A project to revitalize Central Avenue from Madison Street to Chicago Avenue is starting its first steps in the planning process.
Austin Coming Together is collaborating with the Chicago Metropolitan Agency for Planning and the Urban Land Institute to create a plan for Central Avenue to become a business, economic and cultural corridor.
The main intersections along Central Avenue that are targeted for revitalization are Madison, Chicago and Lake Street.
Austin Coming Together Executive Director Darnell Shields said he anticipates the planning and community engagement process to take up to 14 months. Stephen Di Benedetto of CMAP said a final plan could be ready by sometime in early 2024.
Austin Coming Together is funding the project through a Local Technical Assistance grant provided by CMAP, Shields said. The idea for the project comes from ACT’s 2018 quality-of-life plan; Shields said the goal is to bring unity along the corridor since Central Avenue acts like the spine of Austin.
“It’s easy for you as a community resident to not be connected or understand that what happens in south Austin affects you in north Austin,” Shields said. “It’s easy to think that it doesn’t because of the distance.”
While the plan is focusing on Central from Chicago to Madison, many stakeholders want to expand the project further south to the Eisenhower Expressway. The expansion would include Columbus Park and potentially bring in more tourists from the highway, said Kemena Brooks, chair of the Urban Land Institute’s ULI technical assistance panel.
“You start to pull people in beginning at 290 by utilizing markers along 290 that create this curiosity … that may pull them in and attract them to the neighborhood,” Brooks said.
The Urban Land Institute created a technical assistance panel for the Central Avenue project that consists of 11 practitioners in economic development, urban design and real estate, Brooks said. They are taking in community input and creating recommendations on how to implement the various goals.
“Central Avenue is not perceived as a commercial corridor but as a corridor to get you through the neighborhood,” Brooks said.
Many of Austin’s assets reside along Central Avenue including the Central Green Line station, multiple schools, parks, Loretto Hospital, Kehrein Center for the Arts and Austin Town Hall.
Shields said he wants to take a “holistic approach” with the project and to “bolster and build” upon other Austin projects like Chicago Avenue’s Soul City Corridor and the Aspire Center. A major priority is to create signs along the corridor to bring cohesion to the neighborhood.
“What I often hear from people as they’re driving along Central from one end of the community to the other, they’ll ask several times along the way, ‘Are we still in Austin?’” Shields said.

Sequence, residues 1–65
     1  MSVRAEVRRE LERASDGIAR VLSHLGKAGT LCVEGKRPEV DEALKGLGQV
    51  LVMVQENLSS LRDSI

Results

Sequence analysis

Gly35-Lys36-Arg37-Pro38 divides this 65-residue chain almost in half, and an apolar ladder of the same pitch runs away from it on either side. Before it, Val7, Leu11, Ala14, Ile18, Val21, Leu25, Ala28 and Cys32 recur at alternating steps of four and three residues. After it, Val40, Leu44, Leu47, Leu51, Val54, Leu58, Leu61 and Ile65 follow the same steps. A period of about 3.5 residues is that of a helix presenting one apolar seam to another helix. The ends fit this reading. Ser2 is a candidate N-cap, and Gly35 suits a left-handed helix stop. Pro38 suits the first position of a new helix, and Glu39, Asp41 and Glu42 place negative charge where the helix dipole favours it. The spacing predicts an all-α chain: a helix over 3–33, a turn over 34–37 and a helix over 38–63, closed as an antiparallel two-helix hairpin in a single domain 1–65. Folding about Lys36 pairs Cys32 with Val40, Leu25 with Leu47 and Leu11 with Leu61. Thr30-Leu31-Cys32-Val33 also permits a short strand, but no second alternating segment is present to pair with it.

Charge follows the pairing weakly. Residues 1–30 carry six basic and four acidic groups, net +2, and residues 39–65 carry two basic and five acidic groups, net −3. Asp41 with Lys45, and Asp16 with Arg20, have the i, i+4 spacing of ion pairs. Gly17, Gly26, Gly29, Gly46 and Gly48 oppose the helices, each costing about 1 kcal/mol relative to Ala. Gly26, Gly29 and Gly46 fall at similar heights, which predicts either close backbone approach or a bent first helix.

He hopes this revitalization plan could include re-opening Central Avenue’s Blue Line station at Interstate 290. There is currently no Blue Line access within Austin. Brooks said the effort to re-open the Blue Line station would be a long-term priority.
“I think it’s inequitable. It’s not fair, to be honest,” Shields said.
Short-term priorities include creating visual cohesion with signs throughout the corridor and establishing Austin Town Hall as a destination point “for tours or maps that bring people through the neighborhood to touch some of the other beautiful homes and historical landmarks within the neighborhood,” Brooks said.
The panel will be presenting their recommendations report to the public on May 24 at 6 p.m. The location is still being determined, but Shields said he hopes to host the meeting at Kehrein Center for Arts.
Meanwhile, the revitalization of Chicago Avenue’s Soul City Corridor will be starting construction mid- to late May, Chicago Department of Transportation’s Wade Van Nortwick said at a recent meeting of the Austin African American Business Network Association.
The construction will start with “Soul City West” that runs from Austin Boulevard to Central Avenue. Construction will consist of improvements for roadways, sidewalks, lighting, crosswalks and ramps.
The corridor will have gateway art installations created by Chicago-based artist Bernard Williams. The sculptures will span across Austin Boulevard and Cicero Avenue to act as gateways for the Soul City Corridor.
“We’ll be creating one of the largest sculptures I think that’s celebrating African American history and culture in the country,” Williams said.
Public design forums with Williams will happen in May and June. To get updates on the projectm sign up here.